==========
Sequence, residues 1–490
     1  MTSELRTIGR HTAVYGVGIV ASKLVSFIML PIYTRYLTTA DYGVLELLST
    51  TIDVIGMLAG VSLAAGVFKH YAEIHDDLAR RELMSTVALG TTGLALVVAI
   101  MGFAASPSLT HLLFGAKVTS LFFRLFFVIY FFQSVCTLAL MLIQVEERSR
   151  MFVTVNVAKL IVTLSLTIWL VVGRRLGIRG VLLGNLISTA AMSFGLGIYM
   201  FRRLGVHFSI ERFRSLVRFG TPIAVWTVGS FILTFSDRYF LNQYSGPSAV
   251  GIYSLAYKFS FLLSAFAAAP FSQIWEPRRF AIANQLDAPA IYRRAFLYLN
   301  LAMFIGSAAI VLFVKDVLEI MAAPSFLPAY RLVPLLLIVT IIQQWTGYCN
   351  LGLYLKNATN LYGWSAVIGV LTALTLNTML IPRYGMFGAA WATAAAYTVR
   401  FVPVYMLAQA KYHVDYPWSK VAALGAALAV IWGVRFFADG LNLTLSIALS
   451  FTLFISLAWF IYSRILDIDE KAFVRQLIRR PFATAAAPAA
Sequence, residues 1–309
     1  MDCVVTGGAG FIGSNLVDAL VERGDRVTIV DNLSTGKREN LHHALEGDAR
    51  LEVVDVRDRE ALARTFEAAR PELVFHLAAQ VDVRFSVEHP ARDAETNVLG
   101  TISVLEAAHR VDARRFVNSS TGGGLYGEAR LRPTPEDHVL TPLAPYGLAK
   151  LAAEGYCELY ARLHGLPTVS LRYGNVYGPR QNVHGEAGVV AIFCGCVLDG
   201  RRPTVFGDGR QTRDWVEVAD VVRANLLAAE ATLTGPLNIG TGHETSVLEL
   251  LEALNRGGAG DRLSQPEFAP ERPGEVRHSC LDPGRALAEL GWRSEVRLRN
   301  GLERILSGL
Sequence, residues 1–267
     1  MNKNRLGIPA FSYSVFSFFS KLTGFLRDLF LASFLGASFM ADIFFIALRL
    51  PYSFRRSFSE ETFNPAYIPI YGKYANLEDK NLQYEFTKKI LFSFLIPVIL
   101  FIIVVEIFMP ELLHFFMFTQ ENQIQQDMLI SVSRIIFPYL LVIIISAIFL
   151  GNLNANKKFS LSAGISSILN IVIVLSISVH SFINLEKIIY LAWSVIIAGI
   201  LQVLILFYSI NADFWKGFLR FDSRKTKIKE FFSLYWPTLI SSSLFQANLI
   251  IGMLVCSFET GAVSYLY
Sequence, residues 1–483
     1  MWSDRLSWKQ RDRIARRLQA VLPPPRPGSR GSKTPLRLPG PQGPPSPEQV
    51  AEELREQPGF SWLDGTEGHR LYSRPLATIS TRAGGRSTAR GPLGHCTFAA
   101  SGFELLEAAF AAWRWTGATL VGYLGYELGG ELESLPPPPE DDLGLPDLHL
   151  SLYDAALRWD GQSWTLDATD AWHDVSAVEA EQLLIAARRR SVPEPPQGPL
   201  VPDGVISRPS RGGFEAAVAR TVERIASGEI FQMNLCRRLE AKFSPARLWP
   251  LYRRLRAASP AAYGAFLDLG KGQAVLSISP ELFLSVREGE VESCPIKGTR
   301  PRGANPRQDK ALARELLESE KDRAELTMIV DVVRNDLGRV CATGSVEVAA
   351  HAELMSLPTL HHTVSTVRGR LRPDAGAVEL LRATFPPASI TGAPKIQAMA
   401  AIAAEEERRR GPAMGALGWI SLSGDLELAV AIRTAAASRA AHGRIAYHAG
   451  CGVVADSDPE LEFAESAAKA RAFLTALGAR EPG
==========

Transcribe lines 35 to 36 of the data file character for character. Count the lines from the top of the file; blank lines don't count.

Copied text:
   351  HAELMSLPTL HHTVSTVRGR LRPDAGAVEL LRATFPPASI TGAPKIQAMA
   401  AIAAEEERRR GPAMGALGWI SLSGDLELAV AIRTAAASRA AHGRIAYHAG